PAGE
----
The combination of a triple disc system with the front turbo disc (rubber torsion mounted) creating the tilth; the rear double discs angled to create a groove that seed and fert are dropped into; and a press wheel closing the slot, is a simple and effective operation. Harrows on the back smooth out any bumps that the drill leaves.

Trainer wheels out the side work well in steep country, adding extra stability on the slopes. They fold in to ensure the machine is road legal. The larger transport wheels take the weight of the drill to reduce scuffing at headlands turning. Mudguards, LED lights, and the tow bar round out the back nicely.

Hoppers

Split -main -hopper

Before you get to the hoppers, a smart-looking one-tonne rated crane is tucked up on the loading platform that’s spacious and simple and equipped with a fold-down ladder. Although the loading height of the main platform is quite high, you can still throw bags of seed up from the ground at a manageable level.

The test machine had a split main hopper and two Stocks Ag spinners. The main benefit of four different seed boxes is that it allows drilling of Italian ryegrass and then clover. This allows the farmer to save mixing costs, but the big benefit is that you can bury the grass seeds slightly deeper for drier country. This gives better seed to soil contact.

RDS Artemis Controller

IMG_7281

Like all other Allen Custom Drills, the Accord metering and distribution system has been further enhanced with RDS Artemis electronic rate control with auto calibration.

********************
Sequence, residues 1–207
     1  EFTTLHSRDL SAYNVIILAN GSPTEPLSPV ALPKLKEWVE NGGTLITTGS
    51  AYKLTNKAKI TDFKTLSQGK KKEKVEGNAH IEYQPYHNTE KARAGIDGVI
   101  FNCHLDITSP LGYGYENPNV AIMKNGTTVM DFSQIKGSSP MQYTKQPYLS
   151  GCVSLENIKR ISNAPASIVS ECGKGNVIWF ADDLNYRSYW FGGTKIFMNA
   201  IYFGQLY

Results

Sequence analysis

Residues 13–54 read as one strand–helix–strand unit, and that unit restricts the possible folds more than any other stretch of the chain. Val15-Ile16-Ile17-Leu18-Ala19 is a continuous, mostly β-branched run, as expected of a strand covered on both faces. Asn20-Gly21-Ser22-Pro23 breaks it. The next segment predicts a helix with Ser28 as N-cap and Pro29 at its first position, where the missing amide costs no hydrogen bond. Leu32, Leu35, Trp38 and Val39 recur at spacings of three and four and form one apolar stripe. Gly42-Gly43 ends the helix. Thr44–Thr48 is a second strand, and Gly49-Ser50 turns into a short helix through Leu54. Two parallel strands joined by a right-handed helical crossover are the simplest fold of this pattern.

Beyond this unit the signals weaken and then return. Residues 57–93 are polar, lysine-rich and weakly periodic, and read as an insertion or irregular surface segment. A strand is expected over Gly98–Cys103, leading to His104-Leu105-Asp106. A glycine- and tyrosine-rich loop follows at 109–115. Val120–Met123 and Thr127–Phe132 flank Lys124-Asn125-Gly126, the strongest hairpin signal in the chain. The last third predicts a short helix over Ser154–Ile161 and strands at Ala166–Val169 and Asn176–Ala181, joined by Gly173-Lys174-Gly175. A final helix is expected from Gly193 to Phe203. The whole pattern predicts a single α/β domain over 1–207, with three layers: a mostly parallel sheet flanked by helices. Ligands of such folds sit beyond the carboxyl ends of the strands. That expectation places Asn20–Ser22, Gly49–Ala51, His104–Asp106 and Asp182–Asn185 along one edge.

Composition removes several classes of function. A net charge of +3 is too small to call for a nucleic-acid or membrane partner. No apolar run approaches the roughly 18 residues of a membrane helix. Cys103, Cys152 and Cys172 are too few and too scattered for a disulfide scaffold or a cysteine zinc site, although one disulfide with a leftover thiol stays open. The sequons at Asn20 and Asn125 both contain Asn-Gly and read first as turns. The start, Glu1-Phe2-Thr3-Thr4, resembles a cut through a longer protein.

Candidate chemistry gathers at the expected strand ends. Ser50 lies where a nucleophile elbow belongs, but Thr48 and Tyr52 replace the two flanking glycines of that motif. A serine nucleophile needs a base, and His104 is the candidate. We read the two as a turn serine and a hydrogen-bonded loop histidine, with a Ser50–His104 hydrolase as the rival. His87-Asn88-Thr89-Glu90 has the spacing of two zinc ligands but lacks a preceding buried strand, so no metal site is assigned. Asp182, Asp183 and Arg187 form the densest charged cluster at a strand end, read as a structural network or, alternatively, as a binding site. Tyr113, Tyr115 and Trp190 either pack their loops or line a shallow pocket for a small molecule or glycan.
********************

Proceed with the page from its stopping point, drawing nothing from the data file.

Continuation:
This makes it simple to calibrate accurate seeding rates from under 500g to more than 400kg/ha. The latest RDS iSOCAN terminal with seven-inch touchscreen has the ability
to run the four hoppers (seed, fert, and the two Stocks AG slug and clover speeders).

Seed -and -fert -distribution -heads

The digital controller in the cab has a large, easy-to-read screen with an uncomplicated menu and a keypad. Main features include covering fan RPM, ground speed, sowing rate, and hectares drilled, as well as a cumulative total.

The key difference on the new machine is that it’s a lot easier to get around for calibrating. The calibration tray slots in nicely and is uncluttered. Another bonus is that for metering out seed at the end of the job, you simply sit a sack underneath; it couldn’t be easier.

Verdict

Solid -design

Standout features are build quality, well-proven triple disc system, and the accurate RDS Artemis controller/metering system.

For Mike Kettle, the main driver behind having three of these drills is low running costs; a solid machine, which can keep doing the hectares. The other major benefit is generic off-the-shelf replacement parts, which keep overall cost of ownership to a minimum.

Outlaying this amount of money for a machine works out to be an effective investment in the long run. The low cost of ongoing ownership and the drilling results on challenging steep country makes it a no-brainer.

Pluses

Rear _slug _bait

  • Bin size options. Can be portioned for seed and fertiliser, insecticide, and slug bait or run four bins like the test machine.
  • Crane with one-tonne capacity
  • Drilling widths – 3m, 3.5m, rigid or 4m, 5m, 6m. Hydraulic folding to 3m transport width
  • Oil cooler/ heat exchanger
  • Accurate RDS metering with rates from less than 1kg/ha up to 400kg/ha
  • Front rubber mounted turbo discs
  • Chain harrow bars
  • Trainer wheels
  • Camera in bin
  • Mud guards/tail lights/ oversize panels
  • Two-point linkage mounted for better contour following and tighter turning circle for tractors with duals

Minuses

  • The weight of the drill can be your friend but needs to be treated with caution on the hills

Check out the video

DJI_0003

Click here to see the The Allen Custom Drills in action.